Assessing Costs of Acquiring and Operating Polar Icebreakers -- New Report July 11
The U.S. has national interests in the polar regions. U.S. presence in the Arctic requires reliable year-round access in order to support economic interests, search-and-rescue needs, defense and security readiness, environmental protection, maritime mobility, and scientific research. In the Antarctic, the U.S. maintains three year-round research facilities and verifies compliance with international treaty obligations, both of which require icebreaking ability during any season.
The U.S. Coast Guard currently has three multi-mission polar icebreakers in its inventory: the Polar Star, Polar Sea and Healy. However, only the Polar Star -- built in 1976 and nearing the end of its useful life in the next three to seven years -- is capable of independently performing the annual breakout and resupply of McMurdo Station in the Antarctic.
A new congressionally mandated report from the National Academies of Sciences, Engineering, and Medicine assesses whether the U.S. currently has sufficient icebreaking capability in the polar regions. It recommends design, leasing, and technology options that could minimize life-cycle costs and optimize the efficiency and reliability of U.S. Coast Guard polar icebreaker operations.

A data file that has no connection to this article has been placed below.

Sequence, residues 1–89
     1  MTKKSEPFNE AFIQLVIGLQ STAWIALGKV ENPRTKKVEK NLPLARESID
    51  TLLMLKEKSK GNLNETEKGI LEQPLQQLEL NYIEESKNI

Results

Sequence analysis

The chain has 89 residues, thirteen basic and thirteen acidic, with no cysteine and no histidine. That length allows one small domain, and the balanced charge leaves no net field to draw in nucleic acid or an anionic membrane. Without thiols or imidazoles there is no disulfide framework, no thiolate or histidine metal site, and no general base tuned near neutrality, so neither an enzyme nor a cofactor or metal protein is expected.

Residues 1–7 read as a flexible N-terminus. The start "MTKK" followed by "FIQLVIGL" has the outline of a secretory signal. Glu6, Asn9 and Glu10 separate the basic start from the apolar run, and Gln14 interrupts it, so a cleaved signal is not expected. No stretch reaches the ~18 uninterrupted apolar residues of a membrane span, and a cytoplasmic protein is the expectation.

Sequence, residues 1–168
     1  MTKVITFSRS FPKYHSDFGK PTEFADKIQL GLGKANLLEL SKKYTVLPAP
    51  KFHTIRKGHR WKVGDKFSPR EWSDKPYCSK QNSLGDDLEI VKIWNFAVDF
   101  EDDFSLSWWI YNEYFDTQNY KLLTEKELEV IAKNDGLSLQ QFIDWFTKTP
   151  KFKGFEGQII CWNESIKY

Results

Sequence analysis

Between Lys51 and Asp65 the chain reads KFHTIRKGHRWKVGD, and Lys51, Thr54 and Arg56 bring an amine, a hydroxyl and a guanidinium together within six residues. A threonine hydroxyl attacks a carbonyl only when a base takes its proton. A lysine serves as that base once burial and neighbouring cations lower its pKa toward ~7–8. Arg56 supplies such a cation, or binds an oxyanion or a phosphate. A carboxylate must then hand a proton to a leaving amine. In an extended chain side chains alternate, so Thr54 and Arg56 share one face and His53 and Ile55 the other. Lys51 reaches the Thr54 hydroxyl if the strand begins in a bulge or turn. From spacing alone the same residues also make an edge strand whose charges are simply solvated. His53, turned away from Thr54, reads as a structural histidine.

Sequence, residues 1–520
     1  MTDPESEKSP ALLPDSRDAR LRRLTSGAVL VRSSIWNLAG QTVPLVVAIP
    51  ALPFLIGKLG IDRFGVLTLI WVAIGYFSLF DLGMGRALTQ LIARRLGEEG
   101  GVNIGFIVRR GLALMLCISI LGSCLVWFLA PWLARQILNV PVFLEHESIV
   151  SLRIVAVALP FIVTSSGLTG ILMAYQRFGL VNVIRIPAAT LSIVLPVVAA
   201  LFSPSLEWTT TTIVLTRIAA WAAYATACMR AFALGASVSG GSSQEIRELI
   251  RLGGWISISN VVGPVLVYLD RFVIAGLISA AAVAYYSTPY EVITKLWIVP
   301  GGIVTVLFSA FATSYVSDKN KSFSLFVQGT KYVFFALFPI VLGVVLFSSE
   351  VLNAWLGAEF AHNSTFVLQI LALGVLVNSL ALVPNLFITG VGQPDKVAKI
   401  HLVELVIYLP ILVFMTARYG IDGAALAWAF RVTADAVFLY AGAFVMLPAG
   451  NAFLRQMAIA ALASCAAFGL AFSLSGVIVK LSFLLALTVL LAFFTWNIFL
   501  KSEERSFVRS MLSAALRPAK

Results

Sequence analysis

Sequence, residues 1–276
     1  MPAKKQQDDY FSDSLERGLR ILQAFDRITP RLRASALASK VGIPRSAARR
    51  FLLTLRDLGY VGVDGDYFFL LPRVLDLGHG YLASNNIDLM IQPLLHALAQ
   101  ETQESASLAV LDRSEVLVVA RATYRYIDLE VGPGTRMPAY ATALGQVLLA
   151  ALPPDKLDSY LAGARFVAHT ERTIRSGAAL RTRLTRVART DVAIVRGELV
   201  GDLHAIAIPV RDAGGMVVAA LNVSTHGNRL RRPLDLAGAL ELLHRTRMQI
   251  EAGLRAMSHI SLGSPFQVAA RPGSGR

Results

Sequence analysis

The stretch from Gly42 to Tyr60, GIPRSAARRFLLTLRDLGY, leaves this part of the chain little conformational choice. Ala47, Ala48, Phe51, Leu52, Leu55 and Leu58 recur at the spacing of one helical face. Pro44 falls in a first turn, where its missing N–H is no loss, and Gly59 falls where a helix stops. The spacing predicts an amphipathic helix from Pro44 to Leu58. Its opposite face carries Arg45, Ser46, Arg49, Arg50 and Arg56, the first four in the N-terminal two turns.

Advance copies of Acquisition and Operation of Polar Icebreakers: Fulfilling the Nation’s Needs will be available to reporters only beginning at noon EDT on Monday, July 10. The report is embargoed and not for public release before 1 p.m. EDT on Tuesday, July 11. To obtain a copy, reporters should contact the National Academies’ Office of News and Public Information; tel. 202-334-2138 or email email@example.com.